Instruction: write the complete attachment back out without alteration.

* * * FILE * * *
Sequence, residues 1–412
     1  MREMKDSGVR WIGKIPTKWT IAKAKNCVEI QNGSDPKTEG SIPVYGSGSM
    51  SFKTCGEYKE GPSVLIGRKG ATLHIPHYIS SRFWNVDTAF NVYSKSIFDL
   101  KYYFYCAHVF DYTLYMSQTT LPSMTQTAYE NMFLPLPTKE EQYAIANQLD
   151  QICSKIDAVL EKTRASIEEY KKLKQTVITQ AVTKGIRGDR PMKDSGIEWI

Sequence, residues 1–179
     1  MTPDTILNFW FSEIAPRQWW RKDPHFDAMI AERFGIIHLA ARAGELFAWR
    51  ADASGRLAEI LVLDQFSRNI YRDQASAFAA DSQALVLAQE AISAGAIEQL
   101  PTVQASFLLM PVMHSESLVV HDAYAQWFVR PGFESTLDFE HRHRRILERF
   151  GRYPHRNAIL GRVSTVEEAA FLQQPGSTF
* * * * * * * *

Sequence, residues 1–412
     1  MREMKDSGVR WIGKIPTKWT IAKAKNCVEI QNGSDPKTEG SIPVYGSGSM
    51  SFKTCGEYKE GPSVLIGRKG ATLHIPHYIS SRFWNVDTAF NVYSKSIFDL
   101  KYYFYCAHVF DYTLYMSQTT LPSMTQTAYE NMFLPLPTKE EQYAIANQLD
   151  QICSKIDAVL EKTRASIEEY KKLKQTVITQ AVTKGIRGDR PMKDSGIEWI

Sequence, residues 1–179
     1  MTPDTILNFW FSEIAPRQWW RKDPHFDAMI AERFGIIHLA ARAGELFAWR
    51  ADASGRLAEI LVLDQFSRNI YRDQASAFAA DSQALVLAQE AISAGAIEQL
   101  PTVQASFLLM PVMHSESLVV HDAYAQWFVR PGFESTLDFE HRHRRILERF
   151  GRYPHRNAIL GRVSTVEEAA FLQQPGSTF